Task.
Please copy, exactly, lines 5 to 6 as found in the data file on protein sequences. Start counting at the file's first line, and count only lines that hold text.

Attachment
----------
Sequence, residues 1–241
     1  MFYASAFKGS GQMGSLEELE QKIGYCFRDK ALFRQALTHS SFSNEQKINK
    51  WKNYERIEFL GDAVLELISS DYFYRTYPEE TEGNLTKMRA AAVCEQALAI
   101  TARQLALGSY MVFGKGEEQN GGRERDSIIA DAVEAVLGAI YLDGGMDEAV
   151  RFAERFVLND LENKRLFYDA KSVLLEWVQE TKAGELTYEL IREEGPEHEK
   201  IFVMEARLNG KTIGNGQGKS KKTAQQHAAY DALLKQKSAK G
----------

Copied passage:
   151  RFAERFVLND LENKRLFYDA KSVLLEWVQE TKAGELTYEL IREEGPEHEK
   201  IFVMEARLNG KTIGNGQGKS KKTAQQHAAY DALLKQKSAK G